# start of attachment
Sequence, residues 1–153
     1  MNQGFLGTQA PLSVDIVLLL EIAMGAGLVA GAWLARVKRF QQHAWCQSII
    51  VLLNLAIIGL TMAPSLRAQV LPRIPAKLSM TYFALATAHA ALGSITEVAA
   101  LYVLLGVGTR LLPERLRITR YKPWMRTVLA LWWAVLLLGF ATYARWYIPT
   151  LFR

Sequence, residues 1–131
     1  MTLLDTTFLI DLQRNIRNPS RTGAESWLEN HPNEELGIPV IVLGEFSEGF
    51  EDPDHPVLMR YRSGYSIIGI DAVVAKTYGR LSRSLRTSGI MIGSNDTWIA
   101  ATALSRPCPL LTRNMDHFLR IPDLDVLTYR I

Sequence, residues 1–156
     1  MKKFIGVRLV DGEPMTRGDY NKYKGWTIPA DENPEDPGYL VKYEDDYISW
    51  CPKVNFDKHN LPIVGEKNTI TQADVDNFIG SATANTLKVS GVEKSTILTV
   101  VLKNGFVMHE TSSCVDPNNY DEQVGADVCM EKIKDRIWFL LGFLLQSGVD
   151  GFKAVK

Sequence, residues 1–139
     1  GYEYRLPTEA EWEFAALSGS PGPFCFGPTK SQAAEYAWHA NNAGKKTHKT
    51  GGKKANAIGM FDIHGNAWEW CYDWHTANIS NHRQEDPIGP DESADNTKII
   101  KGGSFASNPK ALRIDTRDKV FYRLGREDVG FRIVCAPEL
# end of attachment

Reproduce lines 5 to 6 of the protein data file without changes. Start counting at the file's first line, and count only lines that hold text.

   151  LFR

Sequence, residues 1–131